- Set expectations
- Invite commitment
- Measure progress
- Provide feedback
- Link to consequences
- Evaluate effectiveness
But as it goes with all foundations, there must be a firm structure added in addition to having a complete building. Here are several additional tactics to help build a culture of accountability.
It is important to set firm, clear, and concise expectations for any group. Accountability will not grow where team members are unsure of the group’s purpose and vision. Teams need to know what is expected of them before they, in turn, can be expected to be held accountable.
You can set expectations by:
- Clearly communicating the organisation’s mission and vision.
- Emphasising the urgency and importance of whatever task you have assigned.
- Laying out the standards that will be upheld throughout the process. Be specific regarding end results, time frames, and expected levels of effort.
- Clearly and explicitly defining each member’s role and responsibilities.
- The clearer initial goals and expectations are, the less time will be spent arguing when someone is held accountable because of ambiguous initial goals.
Although you may make these initial conditions and goals clear, it is important to have the team members commit to these standards and expectations. Work with your team to make sure that everyone commits to their role, understanding how it will benefit both the individual and the team. Be sure to put it in writing, too. This will give the commitment a physical representation that cannot be debated.
Accountability grows when this connection is made, and is enhanced when other people are aware of the commitment. Team members are further motivated to accomplish their tasks and will more readily welcome you holding them accountable for their actions or lack thereof.
After setting clear expectations, committing to set goals, and measuring progress, it is important to provide feedback to team members to acknowledge improvement towards the goal. When creating a culture of accountability, make sure feedback that you do give highlights both the positive things the team member has done and the areas where they can improve.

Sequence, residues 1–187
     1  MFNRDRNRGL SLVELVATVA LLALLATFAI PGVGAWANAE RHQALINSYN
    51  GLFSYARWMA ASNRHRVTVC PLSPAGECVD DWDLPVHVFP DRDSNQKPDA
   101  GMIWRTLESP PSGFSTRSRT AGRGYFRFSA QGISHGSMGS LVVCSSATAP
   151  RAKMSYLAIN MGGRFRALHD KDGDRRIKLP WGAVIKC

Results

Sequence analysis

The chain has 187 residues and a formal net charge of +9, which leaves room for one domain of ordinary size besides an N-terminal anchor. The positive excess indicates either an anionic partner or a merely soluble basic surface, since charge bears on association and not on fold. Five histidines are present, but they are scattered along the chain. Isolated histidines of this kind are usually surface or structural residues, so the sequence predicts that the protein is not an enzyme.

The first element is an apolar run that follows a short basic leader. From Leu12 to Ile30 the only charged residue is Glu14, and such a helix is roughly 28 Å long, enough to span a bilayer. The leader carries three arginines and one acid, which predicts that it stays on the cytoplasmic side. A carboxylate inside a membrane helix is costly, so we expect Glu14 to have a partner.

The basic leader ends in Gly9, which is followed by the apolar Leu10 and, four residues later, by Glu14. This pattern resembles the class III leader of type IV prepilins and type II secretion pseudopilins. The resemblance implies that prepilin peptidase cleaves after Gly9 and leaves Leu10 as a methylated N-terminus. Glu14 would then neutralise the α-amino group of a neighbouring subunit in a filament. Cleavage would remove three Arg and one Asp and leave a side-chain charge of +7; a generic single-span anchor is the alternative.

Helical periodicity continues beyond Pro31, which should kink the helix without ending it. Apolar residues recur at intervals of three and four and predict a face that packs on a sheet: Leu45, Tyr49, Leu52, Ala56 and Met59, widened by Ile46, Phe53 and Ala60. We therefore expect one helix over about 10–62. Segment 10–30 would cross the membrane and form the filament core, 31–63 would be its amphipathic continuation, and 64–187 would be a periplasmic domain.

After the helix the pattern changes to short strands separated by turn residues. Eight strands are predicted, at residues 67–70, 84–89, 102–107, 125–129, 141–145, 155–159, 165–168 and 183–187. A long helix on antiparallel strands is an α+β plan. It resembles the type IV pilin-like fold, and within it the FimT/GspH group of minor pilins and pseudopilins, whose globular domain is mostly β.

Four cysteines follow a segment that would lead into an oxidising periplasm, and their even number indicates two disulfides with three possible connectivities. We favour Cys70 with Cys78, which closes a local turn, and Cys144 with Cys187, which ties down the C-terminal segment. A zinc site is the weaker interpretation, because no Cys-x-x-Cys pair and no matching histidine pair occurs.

Link to Consequences
Not all people are driven by internal motivating factors. So, in creating a culture of accountability, it is important to emphasise the link to consequences, whether as a ‘stick’ behind the team members to drive them forward, or as a carrot for them to chase. As a leader, it is key to assess and realise the appropriate type of motivation different people may need.
Not all methods of operation are effective! Waiting until the end of the process or project to evaluate the effectiveness can severely hamper the potential of you as an individual or your team as a whole. Step aside and assess the plan and the participating team members. Evaluate the effectiveness of each component, good and bad, in relation to the goal and mission.
Accountability by all within the business will accelerate the change in culture you need to achieve your goals. There will be a powerful impact on the business from greater accountability, accelerating change in people and teams. With momentum and the support of more and more employees who now act proactively you can transform your entire organisation.